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Fillmore County family carries on a passionate tradition of 4-H

March 9, 2019

For Vern and Kay Ristau, being involved in the 4-H youth development program is a family tradition. One they were glad to pass on to their children and grandchildren too.  

Since the beginning

Vern and Kay both grew up in 4-H and knew they wanted their kids to have the same experience. In 4-H, they built values and strong life skills they used throughout their lives.

Vern and Kay’s children – Sharon, Scott, Todd, and Tracy – all developed a strong passion for 4-H. They were members of the Carimona Cruisers 4-H Club in Fillmore County and participated in a number of learning projects ranging from sheep and dairy, photography, foods projects and performing arts. Each of their projects, along with the leadership roles they held as they grew, developed critical skills including hard work, communication, and public speaking.

What it’s all about

Now Sharon, Scott, Todd, and Tracy all have children of their own. Many of their children have participated in 4-H, and a new generation is finding ways of learning and leading in their local 4-H program.

Over the years, each sibling has contributed time, money and ideas to help youth in their community build the same skills they grew as kids. Tracy, the youngest of Vern and Kay’s children, is a volunteer 4-H club leader, helps with 4-H fundraisers and serves on a number of committees that support youth learning and community service. She spent several years coordinating special learning events for Fillmore County’s youngest 4-H youth, the Cloverbuds. 

“4-H teaches youth to be dedicated to their project or task on hand,” Tracy recently reflected.  “Whether walking a lamb to tone the body or finishing the final touches of painting a fence for a local community pride project, 4-H teaches the importance of volunteering.”

Todd is on the committee that supports youth who are interested in learning about poultry and also helps with the local 4-H sheep show. “4-H instills a strong value system of being able to take pride in your project work,” he responded when asked why he invests his limited free time in the 4-H program. He enjoys working with the members because he sees the joy they get through exhibiting their project learning for the public.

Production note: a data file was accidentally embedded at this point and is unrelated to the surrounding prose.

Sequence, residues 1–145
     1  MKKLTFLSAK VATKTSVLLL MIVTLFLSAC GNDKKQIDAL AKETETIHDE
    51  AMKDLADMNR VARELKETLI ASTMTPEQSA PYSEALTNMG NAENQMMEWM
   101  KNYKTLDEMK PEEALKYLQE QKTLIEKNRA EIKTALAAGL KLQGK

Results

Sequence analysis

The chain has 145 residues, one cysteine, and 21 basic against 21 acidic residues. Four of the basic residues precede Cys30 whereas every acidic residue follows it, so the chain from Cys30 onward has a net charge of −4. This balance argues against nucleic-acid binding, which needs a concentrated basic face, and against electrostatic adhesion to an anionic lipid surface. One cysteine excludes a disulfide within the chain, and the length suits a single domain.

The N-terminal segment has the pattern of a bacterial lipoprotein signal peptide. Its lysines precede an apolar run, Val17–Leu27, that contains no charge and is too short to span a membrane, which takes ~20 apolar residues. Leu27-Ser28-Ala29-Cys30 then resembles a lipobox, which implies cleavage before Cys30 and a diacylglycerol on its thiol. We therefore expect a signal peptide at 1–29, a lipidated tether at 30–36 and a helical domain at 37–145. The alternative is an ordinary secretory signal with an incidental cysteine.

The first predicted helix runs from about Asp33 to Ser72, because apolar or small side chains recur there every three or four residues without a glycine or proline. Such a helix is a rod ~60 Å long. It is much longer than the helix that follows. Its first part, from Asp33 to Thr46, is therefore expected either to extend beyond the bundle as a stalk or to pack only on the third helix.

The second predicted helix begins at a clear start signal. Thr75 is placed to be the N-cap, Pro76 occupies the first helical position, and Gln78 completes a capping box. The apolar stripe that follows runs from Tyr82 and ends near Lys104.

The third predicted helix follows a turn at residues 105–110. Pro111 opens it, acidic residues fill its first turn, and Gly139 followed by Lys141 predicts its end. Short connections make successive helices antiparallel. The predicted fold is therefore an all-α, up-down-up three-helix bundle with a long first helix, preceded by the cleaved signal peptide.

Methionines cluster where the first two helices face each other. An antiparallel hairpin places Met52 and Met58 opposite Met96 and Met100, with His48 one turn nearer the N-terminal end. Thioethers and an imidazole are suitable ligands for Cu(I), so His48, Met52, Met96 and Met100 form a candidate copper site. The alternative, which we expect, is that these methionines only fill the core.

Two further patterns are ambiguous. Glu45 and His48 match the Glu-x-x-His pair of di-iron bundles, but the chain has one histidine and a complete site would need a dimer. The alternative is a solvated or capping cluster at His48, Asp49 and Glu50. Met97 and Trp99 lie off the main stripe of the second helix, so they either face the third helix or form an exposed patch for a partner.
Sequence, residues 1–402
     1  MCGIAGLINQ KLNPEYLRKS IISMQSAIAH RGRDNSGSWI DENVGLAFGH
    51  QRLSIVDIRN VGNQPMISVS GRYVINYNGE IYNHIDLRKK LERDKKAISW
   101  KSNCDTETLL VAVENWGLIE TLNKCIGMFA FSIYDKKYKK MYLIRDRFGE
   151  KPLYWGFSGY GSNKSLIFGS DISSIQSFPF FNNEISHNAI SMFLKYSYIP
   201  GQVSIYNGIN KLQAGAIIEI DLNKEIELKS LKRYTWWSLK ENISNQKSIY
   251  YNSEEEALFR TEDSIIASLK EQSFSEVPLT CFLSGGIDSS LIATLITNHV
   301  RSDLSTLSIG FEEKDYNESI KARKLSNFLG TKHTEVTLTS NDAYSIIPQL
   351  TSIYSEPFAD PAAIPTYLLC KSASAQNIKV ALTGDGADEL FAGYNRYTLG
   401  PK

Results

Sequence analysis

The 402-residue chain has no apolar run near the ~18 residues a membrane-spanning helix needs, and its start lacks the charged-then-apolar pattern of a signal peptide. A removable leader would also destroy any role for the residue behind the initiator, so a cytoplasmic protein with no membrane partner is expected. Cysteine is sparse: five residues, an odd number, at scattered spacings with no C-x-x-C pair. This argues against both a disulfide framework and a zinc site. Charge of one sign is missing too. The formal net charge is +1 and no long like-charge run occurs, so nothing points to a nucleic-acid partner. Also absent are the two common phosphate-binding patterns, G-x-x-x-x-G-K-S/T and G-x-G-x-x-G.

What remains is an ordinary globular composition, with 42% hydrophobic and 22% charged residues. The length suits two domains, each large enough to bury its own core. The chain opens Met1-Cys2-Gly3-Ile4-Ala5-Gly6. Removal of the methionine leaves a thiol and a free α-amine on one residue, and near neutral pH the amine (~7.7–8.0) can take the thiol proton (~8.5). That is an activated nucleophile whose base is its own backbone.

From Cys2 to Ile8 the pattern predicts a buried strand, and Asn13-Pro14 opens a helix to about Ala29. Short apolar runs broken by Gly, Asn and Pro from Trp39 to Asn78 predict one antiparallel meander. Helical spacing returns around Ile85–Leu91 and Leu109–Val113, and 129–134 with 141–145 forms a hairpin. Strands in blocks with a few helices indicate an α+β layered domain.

Perhaps you’d think that the Ristau children would only volunteer while their own children were involved, but that’s not the case! Sharon’s kids have finished their 4-H careers, the last in 2013, yet her engagement remains strong. She volunteers on committees that support youth who want to deepen their learning in sheep and market animal projects. She also helps with local 4-H fundraiser efforts. Sharon particularly enjoys volunteering with 4-H because, “it provides me with an opportunity to work with youth, helping to mentor and guide them in the development of their leadership skills.”

“A life changing organization”

Vern and Key’s grandchildren, the third generation of 4-H members from the Ristau family, are carrying on their learning and leading tradition of their grandparents.

Sawyer and Steph have already completed their 4-H experiences, building skills they now use as young professionals and community members. “I learned how to coordinate projects, be a mentor, and a leader,” mentioned Steph. And in the tradition of those Ristaus before her, she finds time to volunteer, empowering the next generation of learners and leaders 4-H is growing.

Some of the Ristau cousins are current 4-H members, engaging in various learning projects and leadership roles in their local club and county.  They credit 4-H giving them opportunities to build skills while serving as mentors, leading meetings and exploring projects with friends.

Tracy’s daughter Taryn already can see just how valuable 4-H has been in her life. “4-H brings a lot of positivity to the community, and has helped me grow as a person,” she said. “I can stand up in front of a crowd and speak, and have learned the importance of responsibility.”

What can you do?

Get involved! Whether you’re an adult or young person, you can learn so many skills by being a part of 4-H. And, according to Sharon, you’ll make many friends and memories along the way.

“4-H is about developing lifelong friendships, and helping others through community service and role modeling.” It really is a great place to grow up. 

Want to have learning and leading experiences like the Ristau family?
Find a 4-H club near you.

Bailey Ruen
University of Minnesota student
Fillmore County 4-H member

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